Cyborg, the real-time rendering engine, is rapidly establishing essential groundwork for artistic use. Its node graph editor, Ramen, has been rocketed from theory to practice. Soon, a fully-functional, interactive, node-based material editor will be completed, and Cyborg's team is very excited to present it when it's ready!
A node editor is a tool to author complex logic and mathematical expressions without the need to know a traditional programming language. Blender, Unreal Engine, and Unity all have a variety of node editors, which are used for materials, geometry generation, or even game logic. Cyborg is using its custom node editor, Ramen, for materials and geometry, but Cyborg's team is also developing it with the option to be used independently of Cyborg, for the benefit of free software, game development, and visual artistry as a whole.
Ramen's development has been smoother and faster than expected. Its type definitions and utility functions are nearing finalization, including full undo/redo support, thanks to the use of the Command design pattern. To integrate Ramen into Cyborg's editor, the team is working on a frontend using egui, a popular GUI Rust crate. Ramen's frontend editing code and backend graph logic are decoupled so that a program using Cyborg can load Ramen-based shaders without also bundling the GUI code that is needed to edit the graphs at runtime.
The next steps for Cyborg are to integrate Ramen into its editor and to add shader-specific data to the node graphs. Then, another of Cyborg's subprojects, Cortex, will convert Ramen's node graph into a functioning GPU shader that can render in the editor's preview window. It's only a matter of time before artists will have a shader-authoring experience with Ramen on par with the mainstream 3D programs from which it takes inspiration. An accomplishment of this scale and in this amount of time would not be possible for a small, non-profit effort like Cyborg without the encouragement of the Tebibyte Media community, the help of free software such as egui, and the power of the Rust programming language.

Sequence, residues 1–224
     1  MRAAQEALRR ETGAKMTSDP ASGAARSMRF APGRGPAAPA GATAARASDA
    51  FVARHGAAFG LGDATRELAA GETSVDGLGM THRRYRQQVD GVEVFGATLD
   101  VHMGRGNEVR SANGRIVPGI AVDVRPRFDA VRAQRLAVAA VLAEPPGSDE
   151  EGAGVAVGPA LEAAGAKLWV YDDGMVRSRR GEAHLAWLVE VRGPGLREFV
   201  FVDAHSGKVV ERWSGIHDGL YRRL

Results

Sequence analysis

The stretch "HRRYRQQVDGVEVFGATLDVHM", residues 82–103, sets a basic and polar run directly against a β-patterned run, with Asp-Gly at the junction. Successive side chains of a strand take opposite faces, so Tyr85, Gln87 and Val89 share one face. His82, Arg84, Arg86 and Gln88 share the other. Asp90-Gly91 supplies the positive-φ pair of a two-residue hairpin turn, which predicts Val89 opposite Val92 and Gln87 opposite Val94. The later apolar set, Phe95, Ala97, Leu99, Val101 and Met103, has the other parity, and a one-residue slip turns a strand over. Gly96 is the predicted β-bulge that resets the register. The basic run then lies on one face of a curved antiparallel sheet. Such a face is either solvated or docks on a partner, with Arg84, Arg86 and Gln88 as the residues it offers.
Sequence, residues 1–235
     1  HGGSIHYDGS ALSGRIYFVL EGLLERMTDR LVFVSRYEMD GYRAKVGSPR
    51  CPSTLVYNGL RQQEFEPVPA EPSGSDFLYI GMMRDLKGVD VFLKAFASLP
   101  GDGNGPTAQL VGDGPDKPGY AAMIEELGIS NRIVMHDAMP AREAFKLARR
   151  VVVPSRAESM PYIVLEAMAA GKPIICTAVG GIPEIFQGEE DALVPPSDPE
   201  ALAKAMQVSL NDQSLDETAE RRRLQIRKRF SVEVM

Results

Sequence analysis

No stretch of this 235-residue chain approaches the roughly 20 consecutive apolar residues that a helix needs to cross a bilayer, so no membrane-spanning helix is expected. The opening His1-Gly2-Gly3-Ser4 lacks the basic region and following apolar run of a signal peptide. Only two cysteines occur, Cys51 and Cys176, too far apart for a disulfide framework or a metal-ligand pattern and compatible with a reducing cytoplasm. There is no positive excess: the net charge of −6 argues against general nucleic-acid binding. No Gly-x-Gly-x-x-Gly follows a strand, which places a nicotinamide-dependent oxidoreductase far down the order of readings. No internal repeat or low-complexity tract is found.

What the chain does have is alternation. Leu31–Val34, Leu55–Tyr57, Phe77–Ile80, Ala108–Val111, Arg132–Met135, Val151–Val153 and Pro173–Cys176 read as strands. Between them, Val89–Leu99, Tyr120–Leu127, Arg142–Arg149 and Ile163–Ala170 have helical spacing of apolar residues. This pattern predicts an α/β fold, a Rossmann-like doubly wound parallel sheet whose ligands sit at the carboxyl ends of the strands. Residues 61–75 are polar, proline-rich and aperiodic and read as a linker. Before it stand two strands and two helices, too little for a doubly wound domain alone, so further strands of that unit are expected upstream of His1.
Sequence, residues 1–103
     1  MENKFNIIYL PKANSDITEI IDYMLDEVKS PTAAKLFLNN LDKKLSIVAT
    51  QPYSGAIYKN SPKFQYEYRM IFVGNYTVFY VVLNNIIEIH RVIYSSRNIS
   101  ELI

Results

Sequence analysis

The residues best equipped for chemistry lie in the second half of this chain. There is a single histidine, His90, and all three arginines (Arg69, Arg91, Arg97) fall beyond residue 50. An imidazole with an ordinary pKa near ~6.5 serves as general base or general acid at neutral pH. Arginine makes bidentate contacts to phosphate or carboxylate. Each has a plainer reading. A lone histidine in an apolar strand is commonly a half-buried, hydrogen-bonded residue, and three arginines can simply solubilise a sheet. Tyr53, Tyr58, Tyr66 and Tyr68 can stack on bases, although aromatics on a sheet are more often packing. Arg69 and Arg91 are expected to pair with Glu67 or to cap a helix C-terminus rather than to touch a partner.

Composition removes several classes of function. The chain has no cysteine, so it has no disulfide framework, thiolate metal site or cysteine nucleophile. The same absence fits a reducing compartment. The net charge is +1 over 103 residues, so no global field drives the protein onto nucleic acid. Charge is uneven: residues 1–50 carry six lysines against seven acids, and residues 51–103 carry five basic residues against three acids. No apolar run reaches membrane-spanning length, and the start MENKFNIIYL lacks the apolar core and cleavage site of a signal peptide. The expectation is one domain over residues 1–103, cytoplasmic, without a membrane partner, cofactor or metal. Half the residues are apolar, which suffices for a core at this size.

Hopper, the package manager for Minecraft, has been slowly but steadily improving during the last month. The developer team received a new contributor and the goals of the project have been redefined and expanded; since Modrinth, the currently only supported package repository in hopper, added support for resource packs, mod packs, and plugins, hopper is implementing package management for them as well.
In the long term, the development team is also planning on creating a build system for source repositories so that free software mods can be compiled on the user's system upon installation and update. Its exact specification has not been decided on yet, but it is likely it will be based on PKGBUILD, Arch Linux's build system.
Tebibyte Media is still looking for graphic designers and editors to help us with the Project. Anyone interested should send an e-mail to firstname.lastname@example.org that includes details such as availability, the reason for interest in the Project, and any other important information regarding the position being applied to. As for the future, our new long-term goal is community-building and networking to potential members, hoping to expand at the same rate as we have been with a new total of four Network members.